Calling all scientists - Re: dissolving air in co2 reactor - The Planted Tank Forum
 
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post #1 of 13 (permalink) Old 07-16-2015, 11:33 PM Thread Starter
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Calling all scientists - Re: dissolving air in co2 reactor

Hi guys,

Excuse my use of a layman term: Scientists.

I have a question: I have a Cerges co2 reactor that I want to use to dissolve some air (source: air pump) with during the night. I will have a timer to turn on the air pump for several seconds to fill the co2 chamber so that the reactor will not over-fill and de-prime. That said, my co2 isn't on a timer, it will pump 24/7.

My question is whether or not this will work.

Please advise. Thanks
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post #2 of 13 (permalink) Old 07-17-2015, 12:19 AM
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If your goal is to not gas your fish you would be better off to use the timer on the co2 and forget the air pump. If you need to add a solenoid to your co2 system they are pretty cheap.

I doubt that the o2 level will rise enough to make a difference, especially if your co2 does not shut off. If you ran an airstone in the tank rather than in the reactor it would both dissolve o2 and drive off co2 creating a better environment for both fish and plants.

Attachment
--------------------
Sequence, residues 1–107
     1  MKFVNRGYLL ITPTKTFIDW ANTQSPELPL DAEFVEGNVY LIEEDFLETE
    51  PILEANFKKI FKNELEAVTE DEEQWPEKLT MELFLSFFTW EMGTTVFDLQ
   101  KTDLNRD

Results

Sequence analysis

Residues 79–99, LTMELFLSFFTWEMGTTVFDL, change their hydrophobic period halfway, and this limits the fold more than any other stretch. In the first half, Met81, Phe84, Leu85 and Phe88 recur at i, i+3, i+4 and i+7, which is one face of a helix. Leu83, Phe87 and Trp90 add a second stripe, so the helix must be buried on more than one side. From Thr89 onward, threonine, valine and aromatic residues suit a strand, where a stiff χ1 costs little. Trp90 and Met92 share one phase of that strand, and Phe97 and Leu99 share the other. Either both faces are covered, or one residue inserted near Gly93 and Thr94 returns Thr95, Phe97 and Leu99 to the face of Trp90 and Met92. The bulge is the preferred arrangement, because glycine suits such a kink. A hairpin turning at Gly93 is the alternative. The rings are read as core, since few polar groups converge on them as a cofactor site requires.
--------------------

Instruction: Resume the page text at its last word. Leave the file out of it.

Putting a solenoid on your system is going to save money on refills and will pay for itself in a year or so in wasted gas alone.
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post #3 of 13 (permalink) Old 07-17-2015, 12:21 AM
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Not sure what your trying to accomplish here? Assuming your trying to add oxygen at night to prevent the fish from being gassed out? Can you put the CO2 on a timer and turn it off at night? If not I'd just add an air stone and leave the reactor alone.


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post #4 of 13 (permalink) Old 07-17-2015, 12:32 AM
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Dissolved oxygen and CO2 could both be present in a reactor and be maintained in the water column.